Kendall Jenner's Comments About Fyre Fest Explain Why IG Promotions Can Be Dangerous
Fyre Festival was a disaster, that much we know. But why did so many influencers jump on board to promote the festival in the first place? Bella Hadid and Kendall Jenner were some of the big-name influencers tacked to the festival, but following the disaster that actually ensued and the various documentaries released about the festival that turned out to be a scam, these influencers haven't said much about their paid promotion of the event, until now. Kendall Jenner's comments about Fyre Fest (briefly) explain why she agreed to a paid partnership with the event.
Fyre Festival was supposed to be a luxury music festival held in the Bahamas in April and May of 2017. It famously did not go as planned, which is an understatement, because it was a straight-up disaster. Social media posts from those attending the festival (which was canceled shortly after attendees began arriving) showed that the only food they were provided was bread and cheese in styrofoam containers, and their pricey lodgings were actually just dismantled tents. Netflix and Hulu both released documentaries about the disaster of a festival, which was co-created by Billy McFarland in partnership with Ja Rule.
McFarland ended up pleading guilty to wire fraud and falsifying documents that got him $26 million from investors. In Oct. 2018, McFarland was sentenced to six years in federal prison. The entire experience resulted in eight different lawsuits being filed, some as big as $100 million.
Now, Kendall Jenner has commented on her involvement in the early stages of the festival.
Jenner first announced her involvement with Fyre Festival in a now-deleted Instagram post in January 2017. She revealed that Tyga and Desiigner (who are both signed on Kanye West's G.O.O.D. Music label) were brought on as headliners for the festival (which, by the way, had tickets as expensive as $250,000).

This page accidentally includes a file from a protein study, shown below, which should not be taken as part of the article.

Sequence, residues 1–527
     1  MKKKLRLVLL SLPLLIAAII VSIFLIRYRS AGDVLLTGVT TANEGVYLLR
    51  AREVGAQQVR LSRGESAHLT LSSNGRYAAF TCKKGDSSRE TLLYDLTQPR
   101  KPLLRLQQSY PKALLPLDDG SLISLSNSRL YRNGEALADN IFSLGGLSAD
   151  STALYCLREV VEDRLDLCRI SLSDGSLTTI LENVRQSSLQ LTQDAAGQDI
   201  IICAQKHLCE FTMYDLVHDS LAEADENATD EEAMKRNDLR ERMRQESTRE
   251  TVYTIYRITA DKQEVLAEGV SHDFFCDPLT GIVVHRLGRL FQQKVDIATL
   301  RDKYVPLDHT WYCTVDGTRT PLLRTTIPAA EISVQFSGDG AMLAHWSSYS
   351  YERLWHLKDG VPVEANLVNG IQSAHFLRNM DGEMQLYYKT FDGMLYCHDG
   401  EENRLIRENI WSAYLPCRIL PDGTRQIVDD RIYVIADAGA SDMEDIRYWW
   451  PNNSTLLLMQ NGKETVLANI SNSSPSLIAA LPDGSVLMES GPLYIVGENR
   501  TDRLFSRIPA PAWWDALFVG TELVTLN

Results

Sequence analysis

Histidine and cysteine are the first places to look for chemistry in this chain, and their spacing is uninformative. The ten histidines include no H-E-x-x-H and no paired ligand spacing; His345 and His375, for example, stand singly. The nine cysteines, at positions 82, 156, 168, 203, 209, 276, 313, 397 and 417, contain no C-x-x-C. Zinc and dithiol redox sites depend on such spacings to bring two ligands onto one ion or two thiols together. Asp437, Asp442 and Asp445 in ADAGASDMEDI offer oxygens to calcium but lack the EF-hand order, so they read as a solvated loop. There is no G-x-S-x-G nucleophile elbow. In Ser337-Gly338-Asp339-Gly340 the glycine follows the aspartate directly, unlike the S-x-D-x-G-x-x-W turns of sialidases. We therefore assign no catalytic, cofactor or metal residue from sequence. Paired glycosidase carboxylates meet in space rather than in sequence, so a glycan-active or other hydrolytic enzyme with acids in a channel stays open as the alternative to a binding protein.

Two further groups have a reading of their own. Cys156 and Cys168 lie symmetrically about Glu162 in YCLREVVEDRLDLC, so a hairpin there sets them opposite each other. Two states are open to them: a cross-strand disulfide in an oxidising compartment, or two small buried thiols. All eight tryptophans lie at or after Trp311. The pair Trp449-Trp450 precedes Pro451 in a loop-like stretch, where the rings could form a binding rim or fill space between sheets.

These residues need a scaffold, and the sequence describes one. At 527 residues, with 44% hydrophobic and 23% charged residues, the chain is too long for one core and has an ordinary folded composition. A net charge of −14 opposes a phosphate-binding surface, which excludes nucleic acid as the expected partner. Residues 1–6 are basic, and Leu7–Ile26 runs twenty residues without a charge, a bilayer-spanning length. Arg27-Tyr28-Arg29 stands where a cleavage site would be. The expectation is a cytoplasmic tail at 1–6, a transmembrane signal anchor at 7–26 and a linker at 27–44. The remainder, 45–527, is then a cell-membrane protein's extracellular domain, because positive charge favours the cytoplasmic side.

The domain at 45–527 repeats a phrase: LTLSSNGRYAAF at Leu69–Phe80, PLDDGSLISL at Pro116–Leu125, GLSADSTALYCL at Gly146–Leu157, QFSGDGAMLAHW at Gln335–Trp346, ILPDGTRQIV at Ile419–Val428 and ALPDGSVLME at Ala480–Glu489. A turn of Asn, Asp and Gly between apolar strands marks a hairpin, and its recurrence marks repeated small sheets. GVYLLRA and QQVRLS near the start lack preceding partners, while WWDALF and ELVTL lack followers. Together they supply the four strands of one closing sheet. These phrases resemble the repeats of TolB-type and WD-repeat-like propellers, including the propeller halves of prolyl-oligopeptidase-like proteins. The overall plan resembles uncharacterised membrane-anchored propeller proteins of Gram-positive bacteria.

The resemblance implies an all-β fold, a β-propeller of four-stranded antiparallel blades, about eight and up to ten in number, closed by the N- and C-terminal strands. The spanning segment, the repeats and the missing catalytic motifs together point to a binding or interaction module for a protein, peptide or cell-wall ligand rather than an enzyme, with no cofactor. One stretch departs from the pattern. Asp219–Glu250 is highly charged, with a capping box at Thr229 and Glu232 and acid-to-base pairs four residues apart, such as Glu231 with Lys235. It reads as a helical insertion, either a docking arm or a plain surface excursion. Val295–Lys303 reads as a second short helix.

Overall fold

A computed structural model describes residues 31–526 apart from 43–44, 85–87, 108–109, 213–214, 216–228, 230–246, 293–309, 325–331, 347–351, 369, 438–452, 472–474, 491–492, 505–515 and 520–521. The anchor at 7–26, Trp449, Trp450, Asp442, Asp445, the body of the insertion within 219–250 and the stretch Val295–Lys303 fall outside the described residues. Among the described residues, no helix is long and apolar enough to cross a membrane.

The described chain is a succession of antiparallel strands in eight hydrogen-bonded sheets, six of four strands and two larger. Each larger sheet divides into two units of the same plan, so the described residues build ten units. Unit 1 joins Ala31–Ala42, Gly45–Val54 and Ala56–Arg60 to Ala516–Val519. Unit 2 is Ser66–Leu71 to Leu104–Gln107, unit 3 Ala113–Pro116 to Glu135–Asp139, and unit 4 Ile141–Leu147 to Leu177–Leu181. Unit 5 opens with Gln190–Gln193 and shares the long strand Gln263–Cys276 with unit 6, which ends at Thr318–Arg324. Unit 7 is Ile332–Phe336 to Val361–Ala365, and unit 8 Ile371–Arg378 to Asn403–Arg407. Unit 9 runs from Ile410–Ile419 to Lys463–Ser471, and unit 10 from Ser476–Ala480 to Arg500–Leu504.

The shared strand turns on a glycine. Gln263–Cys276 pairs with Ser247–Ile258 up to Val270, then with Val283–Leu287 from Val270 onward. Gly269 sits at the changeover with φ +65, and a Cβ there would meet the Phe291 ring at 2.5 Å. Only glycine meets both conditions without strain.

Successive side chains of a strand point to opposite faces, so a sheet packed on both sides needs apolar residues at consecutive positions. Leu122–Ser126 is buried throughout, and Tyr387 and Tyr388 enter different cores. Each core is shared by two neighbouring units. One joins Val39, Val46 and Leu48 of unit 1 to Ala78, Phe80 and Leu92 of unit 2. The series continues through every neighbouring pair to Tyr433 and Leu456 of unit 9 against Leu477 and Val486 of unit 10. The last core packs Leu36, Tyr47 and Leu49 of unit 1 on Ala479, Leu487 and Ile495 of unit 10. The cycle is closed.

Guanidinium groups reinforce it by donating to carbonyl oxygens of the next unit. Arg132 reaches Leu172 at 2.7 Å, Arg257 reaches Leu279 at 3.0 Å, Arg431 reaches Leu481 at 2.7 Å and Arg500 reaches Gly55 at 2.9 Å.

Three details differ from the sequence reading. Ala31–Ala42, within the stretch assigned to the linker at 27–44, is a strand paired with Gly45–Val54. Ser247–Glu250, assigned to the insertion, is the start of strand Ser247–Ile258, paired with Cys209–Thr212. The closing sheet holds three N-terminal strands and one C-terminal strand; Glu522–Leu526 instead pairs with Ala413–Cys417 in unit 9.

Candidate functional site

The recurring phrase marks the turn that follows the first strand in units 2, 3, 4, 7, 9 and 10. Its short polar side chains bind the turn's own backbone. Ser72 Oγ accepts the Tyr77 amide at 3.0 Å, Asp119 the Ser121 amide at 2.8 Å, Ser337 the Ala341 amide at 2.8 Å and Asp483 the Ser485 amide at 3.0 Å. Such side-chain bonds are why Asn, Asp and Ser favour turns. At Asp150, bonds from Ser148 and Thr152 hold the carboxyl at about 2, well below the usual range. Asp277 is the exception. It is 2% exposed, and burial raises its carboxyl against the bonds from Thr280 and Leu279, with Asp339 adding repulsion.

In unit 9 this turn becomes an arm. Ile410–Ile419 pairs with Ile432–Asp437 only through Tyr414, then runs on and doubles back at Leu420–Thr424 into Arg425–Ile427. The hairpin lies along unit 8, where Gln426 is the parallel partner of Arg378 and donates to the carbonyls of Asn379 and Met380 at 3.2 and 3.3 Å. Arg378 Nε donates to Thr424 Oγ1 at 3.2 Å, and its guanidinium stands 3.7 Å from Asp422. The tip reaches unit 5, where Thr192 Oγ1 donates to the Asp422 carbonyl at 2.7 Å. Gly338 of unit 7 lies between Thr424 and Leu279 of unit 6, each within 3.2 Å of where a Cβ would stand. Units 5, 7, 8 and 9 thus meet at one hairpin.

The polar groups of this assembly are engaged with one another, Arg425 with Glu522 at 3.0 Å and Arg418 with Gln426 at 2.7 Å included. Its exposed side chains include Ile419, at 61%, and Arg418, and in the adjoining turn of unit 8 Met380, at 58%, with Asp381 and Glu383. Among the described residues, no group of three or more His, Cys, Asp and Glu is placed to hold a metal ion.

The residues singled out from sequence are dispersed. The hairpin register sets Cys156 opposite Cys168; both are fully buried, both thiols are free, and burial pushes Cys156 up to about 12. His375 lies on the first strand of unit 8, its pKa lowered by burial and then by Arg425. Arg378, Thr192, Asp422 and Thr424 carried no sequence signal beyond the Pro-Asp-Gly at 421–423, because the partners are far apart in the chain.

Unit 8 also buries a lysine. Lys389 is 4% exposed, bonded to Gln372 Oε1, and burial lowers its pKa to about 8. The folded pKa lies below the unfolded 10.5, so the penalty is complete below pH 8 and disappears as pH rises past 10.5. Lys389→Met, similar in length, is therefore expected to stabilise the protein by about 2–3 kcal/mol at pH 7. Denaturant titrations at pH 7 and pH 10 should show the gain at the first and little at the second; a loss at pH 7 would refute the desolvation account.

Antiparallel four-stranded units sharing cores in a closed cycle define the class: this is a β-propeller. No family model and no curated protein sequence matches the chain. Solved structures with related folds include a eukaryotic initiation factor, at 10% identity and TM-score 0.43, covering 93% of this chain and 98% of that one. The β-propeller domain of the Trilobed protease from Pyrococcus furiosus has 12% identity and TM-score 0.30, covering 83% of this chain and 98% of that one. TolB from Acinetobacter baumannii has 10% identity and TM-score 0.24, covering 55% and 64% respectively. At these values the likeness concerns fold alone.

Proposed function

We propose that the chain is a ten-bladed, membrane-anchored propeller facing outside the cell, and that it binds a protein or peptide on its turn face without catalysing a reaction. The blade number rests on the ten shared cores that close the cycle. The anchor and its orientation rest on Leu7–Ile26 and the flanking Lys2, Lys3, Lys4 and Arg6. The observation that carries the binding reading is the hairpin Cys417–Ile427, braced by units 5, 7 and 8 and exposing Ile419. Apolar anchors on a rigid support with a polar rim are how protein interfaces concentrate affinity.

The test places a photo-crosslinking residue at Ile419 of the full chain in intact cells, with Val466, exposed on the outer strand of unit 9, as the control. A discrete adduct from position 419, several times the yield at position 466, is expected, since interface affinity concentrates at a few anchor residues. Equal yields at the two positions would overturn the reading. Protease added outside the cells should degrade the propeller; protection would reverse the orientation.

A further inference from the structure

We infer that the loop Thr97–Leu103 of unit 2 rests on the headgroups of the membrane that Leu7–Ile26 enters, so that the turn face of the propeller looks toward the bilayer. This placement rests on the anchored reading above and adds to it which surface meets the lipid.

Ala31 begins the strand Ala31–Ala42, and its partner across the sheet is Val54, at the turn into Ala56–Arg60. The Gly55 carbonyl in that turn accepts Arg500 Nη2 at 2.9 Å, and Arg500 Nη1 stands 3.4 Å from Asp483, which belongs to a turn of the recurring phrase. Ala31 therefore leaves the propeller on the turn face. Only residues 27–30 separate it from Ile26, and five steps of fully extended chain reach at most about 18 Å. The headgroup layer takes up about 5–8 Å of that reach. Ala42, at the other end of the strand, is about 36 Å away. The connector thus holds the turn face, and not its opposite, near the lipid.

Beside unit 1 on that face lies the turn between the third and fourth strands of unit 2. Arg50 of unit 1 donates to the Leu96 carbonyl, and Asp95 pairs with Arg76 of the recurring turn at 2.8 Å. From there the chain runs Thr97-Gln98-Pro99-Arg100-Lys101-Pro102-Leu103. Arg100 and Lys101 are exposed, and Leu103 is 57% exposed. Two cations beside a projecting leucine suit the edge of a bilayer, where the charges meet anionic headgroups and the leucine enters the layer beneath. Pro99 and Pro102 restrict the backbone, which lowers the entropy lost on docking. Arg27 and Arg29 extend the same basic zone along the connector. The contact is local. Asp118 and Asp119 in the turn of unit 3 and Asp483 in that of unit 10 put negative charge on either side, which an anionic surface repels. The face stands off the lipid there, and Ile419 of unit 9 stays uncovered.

"So hyped to announce my G.O.O.D. Music Family as the first headliners," Jenner's post said. Her post also included a VIP code her fans could use when purchasing tickets.
In an interview with The New York Times published on Saturday, March 30, Jenner briefly explained why she got involved with Fyre Festival in the first place.
“You get reached out to by people to, whether it be to promote or help or whatever, and you never know how these things are going to turn out, sometimes it’s a risk,” she said. “I definitely do as much research as I can, but sometimes there isn’t much research you can do because it’s a starting brand and you kind of have to have faith in it and hope it will work out the way people say it will.”
She capped her comments off by saying, “You never really know what’s going to happen."
That just goes to show that just because an offer for a sponsored post might seem legit, and just because the paycheck might be huge, doesn't mean it's a good idea to tack your name onto it.
Kim Kardashian said in this same New York Times interview that the family does so many paid Instagram posts because, frankly, they're easy money.
“If there is work that is really easy that doesn’t take away from our kids, that’s like a huge priority, if someone was faced with the same job opportunities, I think they would maybe consider,” she said. “You’re going to get backlash for almost everything so as long as you like it or believe in it or it’s worth it financially, whatever your decision may be, as long as you’re OK with that.”
Sure, paid Instagram posts are easy work, but the family would probably face less backlash if they wouldn't promote problematic products like the Fyre Festival ended up being, and like the "meal replacement" shakes Flat Tummy Co. pays them all to promote. The Kardashians have become experts at making money off of Instagram, but perhaps it's time for them to evolve their vetting processes before signing on with these brands.